Howard Duncan is Executive Head of the ‘Metropolis’ Project and Secretariat, based at Carleton University in Canada. Howard has been Editor of the journal International Migration since 2015. He has published extensively on issues related to migration, integration, and cities. Howard is a frequent speaker on the management of migration and integration.
Han Entzinger is Professor Emeritus of Migration and Integration Studies at Erasmus University Rotterdam. Before that, he was Professor at Utrecht University and affiliated to the Dutch Scientific Council for Government Policy and the United Nations in Geneva. Publications include Integrating Immigrants in Europe: Research–Policy Dialogues (with Peter Scholten et al., Springer 2015) and Migration between States and Markets (with Marco Martiniello and Catherine Wihtol de Wenden, Ashgate 2004).
Monique Kremer is Professor of Active Citizenship at the University of Amsterdam. Her research focuses on citizens in the welfare state. Monique has served as a senior academic staff member of the Scientific Council for Government Policy in the Netherlands since 2004, working on such research projects as ‘How unequal is the Netherlands?’ (2014) and ‘Making Migration Work’ (2014). She also co-authored ‘Identifications with The Netherlands’.
(p.xix) Katy Long is a researcher and a writer whose work explores the causes and consequences of migration for migrants, citizens and communities. Katy is a Research Associate at the Overseas Development Institute in London and a Senior Research Associate at the School of Advanced Studies, University of London. Recent books include The Point of No Return: Refugees, Rights, and Repatriation (Oxford University Press 2013) and The Oxford Handbook of Refugee and Forced Migration Studies (co-edited, Oxford University Press 2014).
Philip Martin is Professor Emeritus of Agricultural and Resource Economics at UC Davis. He has published extensively on global labour migration. Recent books include Merchants of Labor (Oxford University Press 2017) and Managing Labor Migration in the 21st Century (with Manolo Abella and Christiane Kuptsch, Yale University Press 2006).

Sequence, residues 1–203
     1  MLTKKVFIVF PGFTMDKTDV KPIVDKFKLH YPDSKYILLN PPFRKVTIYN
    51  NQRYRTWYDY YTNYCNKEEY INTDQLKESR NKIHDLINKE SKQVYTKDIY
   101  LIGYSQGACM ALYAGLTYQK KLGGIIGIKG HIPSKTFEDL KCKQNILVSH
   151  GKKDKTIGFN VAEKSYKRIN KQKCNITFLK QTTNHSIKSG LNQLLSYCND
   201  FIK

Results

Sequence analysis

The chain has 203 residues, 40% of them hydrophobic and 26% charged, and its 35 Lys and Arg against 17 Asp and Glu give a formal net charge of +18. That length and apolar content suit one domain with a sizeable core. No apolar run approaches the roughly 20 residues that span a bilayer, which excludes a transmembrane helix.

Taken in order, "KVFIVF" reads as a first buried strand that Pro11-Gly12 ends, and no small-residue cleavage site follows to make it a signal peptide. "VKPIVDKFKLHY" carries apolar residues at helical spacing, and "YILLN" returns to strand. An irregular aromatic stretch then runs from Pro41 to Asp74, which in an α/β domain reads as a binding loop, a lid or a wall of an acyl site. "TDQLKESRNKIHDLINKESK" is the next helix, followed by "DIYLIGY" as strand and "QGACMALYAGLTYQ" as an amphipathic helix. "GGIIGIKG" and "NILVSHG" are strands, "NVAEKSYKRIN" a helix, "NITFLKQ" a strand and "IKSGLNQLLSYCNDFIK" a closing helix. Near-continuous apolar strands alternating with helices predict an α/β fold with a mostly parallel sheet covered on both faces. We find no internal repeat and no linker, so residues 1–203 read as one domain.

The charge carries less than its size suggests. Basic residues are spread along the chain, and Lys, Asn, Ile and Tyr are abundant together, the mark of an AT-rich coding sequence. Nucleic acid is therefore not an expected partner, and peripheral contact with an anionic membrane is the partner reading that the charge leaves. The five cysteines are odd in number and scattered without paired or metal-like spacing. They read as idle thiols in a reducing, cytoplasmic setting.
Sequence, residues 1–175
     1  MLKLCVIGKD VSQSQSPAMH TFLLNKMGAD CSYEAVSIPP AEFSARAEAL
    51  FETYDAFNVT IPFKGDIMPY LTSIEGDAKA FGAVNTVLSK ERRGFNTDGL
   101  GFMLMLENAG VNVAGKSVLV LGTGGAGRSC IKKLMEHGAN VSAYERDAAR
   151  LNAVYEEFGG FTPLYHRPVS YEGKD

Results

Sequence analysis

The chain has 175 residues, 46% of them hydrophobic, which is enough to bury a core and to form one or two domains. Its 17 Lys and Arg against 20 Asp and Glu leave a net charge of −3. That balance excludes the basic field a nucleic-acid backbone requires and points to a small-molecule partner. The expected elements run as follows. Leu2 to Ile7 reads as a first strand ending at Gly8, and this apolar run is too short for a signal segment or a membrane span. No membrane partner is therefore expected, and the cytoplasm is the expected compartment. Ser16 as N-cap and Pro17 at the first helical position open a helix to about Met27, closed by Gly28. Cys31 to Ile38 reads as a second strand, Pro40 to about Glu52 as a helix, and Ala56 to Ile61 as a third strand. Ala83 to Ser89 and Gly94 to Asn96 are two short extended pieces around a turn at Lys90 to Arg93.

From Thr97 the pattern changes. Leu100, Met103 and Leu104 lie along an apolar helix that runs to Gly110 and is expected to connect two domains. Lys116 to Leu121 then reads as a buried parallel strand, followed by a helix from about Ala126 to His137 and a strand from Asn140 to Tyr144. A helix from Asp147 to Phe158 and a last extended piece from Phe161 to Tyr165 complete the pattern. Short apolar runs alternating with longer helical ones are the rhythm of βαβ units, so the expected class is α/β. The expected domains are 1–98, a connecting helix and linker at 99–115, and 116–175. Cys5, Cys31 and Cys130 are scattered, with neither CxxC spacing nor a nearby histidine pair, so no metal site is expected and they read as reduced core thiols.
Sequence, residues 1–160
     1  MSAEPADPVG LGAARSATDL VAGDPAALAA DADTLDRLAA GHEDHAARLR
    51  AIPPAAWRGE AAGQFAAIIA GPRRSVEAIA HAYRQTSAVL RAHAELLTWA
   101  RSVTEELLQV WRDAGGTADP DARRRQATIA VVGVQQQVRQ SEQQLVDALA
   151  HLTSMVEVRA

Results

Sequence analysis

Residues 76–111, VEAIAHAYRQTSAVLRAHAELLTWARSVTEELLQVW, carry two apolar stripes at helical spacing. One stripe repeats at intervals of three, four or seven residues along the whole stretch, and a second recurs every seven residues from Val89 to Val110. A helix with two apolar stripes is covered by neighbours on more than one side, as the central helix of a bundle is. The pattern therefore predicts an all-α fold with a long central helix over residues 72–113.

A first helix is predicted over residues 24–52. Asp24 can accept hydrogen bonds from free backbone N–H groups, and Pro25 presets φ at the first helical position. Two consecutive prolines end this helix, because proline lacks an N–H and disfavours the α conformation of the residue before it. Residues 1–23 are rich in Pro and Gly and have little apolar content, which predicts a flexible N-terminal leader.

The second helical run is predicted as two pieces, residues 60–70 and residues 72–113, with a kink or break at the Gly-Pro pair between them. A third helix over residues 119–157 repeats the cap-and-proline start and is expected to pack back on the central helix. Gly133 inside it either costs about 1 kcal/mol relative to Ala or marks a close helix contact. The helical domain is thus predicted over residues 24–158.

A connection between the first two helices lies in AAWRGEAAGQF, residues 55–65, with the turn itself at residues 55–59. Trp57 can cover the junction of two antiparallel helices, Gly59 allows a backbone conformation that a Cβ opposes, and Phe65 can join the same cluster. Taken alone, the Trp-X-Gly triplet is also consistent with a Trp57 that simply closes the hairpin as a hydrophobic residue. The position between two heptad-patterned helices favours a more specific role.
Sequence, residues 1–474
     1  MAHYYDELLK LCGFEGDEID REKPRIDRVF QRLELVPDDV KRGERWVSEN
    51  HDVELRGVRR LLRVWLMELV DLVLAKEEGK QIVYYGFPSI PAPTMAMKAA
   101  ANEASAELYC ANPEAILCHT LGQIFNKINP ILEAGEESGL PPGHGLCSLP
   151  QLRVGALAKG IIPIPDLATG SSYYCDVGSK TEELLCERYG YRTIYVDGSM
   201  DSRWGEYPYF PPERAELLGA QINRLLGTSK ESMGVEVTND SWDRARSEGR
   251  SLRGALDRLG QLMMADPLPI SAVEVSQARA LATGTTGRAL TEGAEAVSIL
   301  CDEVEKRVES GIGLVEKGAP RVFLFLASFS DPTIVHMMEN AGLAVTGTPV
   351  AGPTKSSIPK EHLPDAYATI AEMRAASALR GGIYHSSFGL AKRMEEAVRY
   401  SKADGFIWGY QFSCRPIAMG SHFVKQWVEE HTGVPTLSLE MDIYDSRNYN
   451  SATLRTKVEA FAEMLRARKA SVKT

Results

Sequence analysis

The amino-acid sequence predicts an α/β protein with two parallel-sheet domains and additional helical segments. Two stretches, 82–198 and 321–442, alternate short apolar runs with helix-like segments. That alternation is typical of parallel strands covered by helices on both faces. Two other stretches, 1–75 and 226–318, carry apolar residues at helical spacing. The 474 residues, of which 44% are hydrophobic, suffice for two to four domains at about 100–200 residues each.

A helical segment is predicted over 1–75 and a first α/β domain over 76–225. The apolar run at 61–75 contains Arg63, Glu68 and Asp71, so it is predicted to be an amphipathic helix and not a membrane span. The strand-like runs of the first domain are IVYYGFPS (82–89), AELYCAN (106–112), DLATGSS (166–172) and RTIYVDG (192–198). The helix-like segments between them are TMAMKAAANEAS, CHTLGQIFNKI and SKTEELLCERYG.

Robert McNeil is Researcher for COMPAS in Oxford, examining the social environments from which news stories and narratives about migration and migrants emerge; how media debate affects migration policy decisions (and vice versa); and how information gaps affect the way these issues are discussed. He lectures on migration and the media for Oxford’s MSc in Migration Studies. He is also the Head of Media and Communications at the Migration Observatory.
Peter Scholten is Professor of Public Administration at Erasmus University Rotterdam. Recent publications include Mainstreaming Integration Governance (Palgrave 2018) and The Politics of Immigration and Migration in Europe (with Andrew Geddes, Sage 2016).
Agnieszka Weinar is Adjunct Research Professor at the Institute for European and Russian Studies, Carleton University, Ottawa. She is also a Marie Curie Senior Research Fellow at the Robert Schuman Centre for Advanced Studies, EUI, Florence. Publications include the edited volumes: Migrant Integration Between Homeland and Host Society Vol 1 (2017), Emigration and Diaspora Policies in the Age of Mobility (2017), The Routledge Handbook of the Politics of Migration in Europe (2018) with Saskia Bonjour and Lyubov Zhyznomirska, and the recent article ‘Cooperation on Migration and the Revised European Neighbourhood Policy’ (2017).
Klaus F. Zimmermann is Professor Emeritus of Economics at Bonn University and President of the Global Labor Organization (GLO); Co-Director of POP at UNU-MERIT; and Honorary Professor at Maastricht University, Free University of Berlin, and Renmin University of China, Beijing;. He is also the Editor-in-chief of the Journal of Population Economics. Recent publications include Labor Migration, EU Enlargement, and the Great Recession (co-edited with Martin Kahanec, Springer 2016). (p.xx)